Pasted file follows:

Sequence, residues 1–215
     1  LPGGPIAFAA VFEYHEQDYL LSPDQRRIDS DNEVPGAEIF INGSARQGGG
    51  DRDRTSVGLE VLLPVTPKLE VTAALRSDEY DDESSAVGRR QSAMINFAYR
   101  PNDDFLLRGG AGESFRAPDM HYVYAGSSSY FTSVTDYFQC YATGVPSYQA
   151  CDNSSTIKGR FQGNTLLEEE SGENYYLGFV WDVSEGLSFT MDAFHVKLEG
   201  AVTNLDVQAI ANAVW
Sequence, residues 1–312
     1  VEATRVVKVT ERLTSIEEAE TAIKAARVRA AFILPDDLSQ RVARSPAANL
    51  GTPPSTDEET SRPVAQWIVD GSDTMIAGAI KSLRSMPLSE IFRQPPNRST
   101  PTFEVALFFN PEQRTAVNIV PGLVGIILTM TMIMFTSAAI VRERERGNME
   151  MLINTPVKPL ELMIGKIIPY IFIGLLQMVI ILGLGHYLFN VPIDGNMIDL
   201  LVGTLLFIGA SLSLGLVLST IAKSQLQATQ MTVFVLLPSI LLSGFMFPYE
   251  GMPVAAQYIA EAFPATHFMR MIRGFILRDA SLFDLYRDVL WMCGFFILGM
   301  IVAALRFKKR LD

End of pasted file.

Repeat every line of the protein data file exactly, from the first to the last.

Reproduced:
Sequence, residues 1–215
     1  LPGGPIAFAA VFEYHEQDYL LSPDQRRIDS DNEVPGAEIF INGSARQGGG
    51  DRDRTSVGLE VLLPVTPKLE VTAALRSDEY DDESSAVGRR QSAMINFAYR
   101  PNDDFLLRGG AGESFRAPDM HYVYAGSSSY FTSVTDYFQC YATGVPSYQA
   151  CDNSSTIKGR FQGNTLLEEE SGENYYLGFV WDVSEGLSFT MDAFHVKLEG
   201  AVTNLDVQAI ANAVW
Sequence, residues 1–312
     1  VEATRVVKVT ERLTSIEEAE TAIKAARVRA AFILPDDLSQ RVARSPAANL
    51  GTPPSTDEET SRPVAQWIVD GSDTMIAGAI KSLRSMPLSE IFRQPPNRST
   101  PTFEVALFFN PEQRTAVNIV PGLVGIILTM TMIMFTSAAI VRERERGNME
   151  MLINTPVKPL ELMIGKIIPY IFIGLLQMVI ILGLGHYLFN VPIDGNMIDL
   201  LVGTLLFIGA SLSLGLVLST IAKSQLQATQ MTVFVLLPSI LLSGFMFPYE
   251  GMPVAAQYIA EAFPATHFMR MIRGFILRDA SLFDLYRDVL WMCGFFILGM
   301  IVAALRFKKR LD